Enjoy reading
    Bernd Willimek

  • In addition to my last post, I am announcing that the English translation of our work “Musik und Emotionen – Studien zur Strebetendenz-Theorie” is now published:
    Music and Emotions – Research on the Theory of Musical Equilibration
    You can get it free at the link:
    Bernd Willimek

  • Bernd Willimek says:

    Why do Minor Chords Sound Sad?
    The Theory of Musical Equilibration states that in contrast to previous hypotheses, music does not directly describe emotions: instead, it evokes processes of will which the listener identifies with.
    A major chord is something we generally identify with the message, “I want to!” The experience of listening to a minor chord can be compared to the message conveyed when someone says, “No more.” If someone were to say the words “no more” slowly and quietly, they would create the impression of being sad, whereas if they were to scream it quickly and loudly, they would be come across as furious. This distinction also applies for the emotional character of a minor chord: if a minor harmony is repeated faster and at greater volume, its sad nature appears to have suddenly turned into fury.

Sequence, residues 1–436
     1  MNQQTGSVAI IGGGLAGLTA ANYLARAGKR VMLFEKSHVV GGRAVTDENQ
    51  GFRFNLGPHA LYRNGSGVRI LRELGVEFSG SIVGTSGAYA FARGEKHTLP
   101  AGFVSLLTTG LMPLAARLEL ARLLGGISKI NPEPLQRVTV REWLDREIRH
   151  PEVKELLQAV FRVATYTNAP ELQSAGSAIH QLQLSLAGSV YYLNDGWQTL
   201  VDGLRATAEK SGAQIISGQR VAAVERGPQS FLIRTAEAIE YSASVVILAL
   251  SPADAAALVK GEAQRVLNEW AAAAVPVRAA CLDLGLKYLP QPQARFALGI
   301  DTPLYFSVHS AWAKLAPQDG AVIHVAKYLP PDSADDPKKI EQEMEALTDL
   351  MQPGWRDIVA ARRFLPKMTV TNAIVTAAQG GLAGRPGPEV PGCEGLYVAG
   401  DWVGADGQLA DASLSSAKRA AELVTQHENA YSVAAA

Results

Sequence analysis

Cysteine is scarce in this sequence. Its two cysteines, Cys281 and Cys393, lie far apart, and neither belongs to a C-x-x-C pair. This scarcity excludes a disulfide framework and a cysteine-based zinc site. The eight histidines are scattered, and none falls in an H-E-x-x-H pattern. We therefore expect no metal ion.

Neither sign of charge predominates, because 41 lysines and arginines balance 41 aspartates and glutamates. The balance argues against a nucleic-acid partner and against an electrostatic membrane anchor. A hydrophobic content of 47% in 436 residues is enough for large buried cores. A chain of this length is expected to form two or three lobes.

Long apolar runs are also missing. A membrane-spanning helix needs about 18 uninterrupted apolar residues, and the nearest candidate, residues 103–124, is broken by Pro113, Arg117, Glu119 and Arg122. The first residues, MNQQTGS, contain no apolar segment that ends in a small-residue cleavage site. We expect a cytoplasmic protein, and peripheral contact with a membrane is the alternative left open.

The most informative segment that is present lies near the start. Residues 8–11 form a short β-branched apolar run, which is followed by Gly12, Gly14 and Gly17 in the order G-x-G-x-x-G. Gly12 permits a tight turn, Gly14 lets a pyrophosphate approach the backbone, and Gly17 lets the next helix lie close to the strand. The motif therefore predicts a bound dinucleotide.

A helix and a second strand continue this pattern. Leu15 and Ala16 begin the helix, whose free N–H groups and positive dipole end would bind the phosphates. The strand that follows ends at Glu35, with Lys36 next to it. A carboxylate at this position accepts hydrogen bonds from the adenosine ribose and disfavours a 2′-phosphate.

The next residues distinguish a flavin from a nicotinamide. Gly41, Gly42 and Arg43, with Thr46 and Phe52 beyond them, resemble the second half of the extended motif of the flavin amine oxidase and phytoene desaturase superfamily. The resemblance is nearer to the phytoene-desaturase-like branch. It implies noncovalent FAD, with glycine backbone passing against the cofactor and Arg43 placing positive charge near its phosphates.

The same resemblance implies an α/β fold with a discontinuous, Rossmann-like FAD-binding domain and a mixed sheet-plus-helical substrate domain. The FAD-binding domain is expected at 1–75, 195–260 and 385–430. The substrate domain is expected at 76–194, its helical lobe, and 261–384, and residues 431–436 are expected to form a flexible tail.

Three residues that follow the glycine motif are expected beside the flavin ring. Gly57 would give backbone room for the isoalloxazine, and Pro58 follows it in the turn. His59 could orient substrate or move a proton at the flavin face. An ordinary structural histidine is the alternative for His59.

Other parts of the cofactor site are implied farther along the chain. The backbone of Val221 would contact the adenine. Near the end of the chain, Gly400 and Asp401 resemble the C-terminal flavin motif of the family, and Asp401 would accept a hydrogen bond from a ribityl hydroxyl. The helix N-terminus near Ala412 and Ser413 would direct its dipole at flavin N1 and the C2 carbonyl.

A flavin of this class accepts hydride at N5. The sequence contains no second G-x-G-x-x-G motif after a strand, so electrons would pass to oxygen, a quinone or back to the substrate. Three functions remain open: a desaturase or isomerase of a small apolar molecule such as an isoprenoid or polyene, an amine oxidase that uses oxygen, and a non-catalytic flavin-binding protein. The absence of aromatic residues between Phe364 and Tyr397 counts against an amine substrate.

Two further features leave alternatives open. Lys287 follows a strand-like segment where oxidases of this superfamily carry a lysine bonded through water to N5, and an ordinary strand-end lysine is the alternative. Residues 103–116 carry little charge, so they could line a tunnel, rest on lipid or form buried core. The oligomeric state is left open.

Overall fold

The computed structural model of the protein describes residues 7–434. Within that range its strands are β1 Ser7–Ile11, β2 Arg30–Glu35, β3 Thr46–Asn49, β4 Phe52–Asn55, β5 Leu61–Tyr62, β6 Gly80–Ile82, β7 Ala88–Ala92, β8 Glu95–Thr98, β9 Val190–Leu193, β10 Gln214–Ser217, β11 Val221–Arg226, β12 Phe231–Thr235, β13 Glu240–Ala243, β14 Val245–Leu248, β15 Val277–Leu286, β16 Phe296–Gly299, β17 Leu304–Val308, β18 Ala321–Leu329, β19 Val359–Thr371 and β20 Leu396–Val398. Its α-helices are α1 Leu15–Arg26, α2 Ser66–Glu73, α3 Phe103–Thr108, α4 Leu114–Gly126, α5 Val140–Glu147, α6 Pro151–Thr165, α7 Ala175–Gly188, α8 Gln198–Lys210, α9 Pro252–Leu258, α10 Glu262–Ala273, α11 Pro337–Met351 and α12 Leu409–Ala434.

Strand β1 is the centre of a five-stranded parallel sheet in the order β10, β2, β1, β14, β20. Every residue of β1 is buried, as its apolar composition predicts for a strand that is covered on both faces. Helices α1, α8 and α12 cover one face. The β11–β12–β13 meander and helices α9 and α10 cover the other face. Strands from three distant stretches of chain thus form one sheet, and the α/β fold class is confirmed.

The Theory of Musical Equilibration applies this principle as it constructs a system which outlines and explains the emotional nature of musical harmonies. For more information you can google Theory of Musical Equilibration.
    Bernd Willimek

  • Axel says:

    That’s why it was written in a minor scale. Minor scales are usually used for “sad” songs and major scales for “happy” (very generally speaking)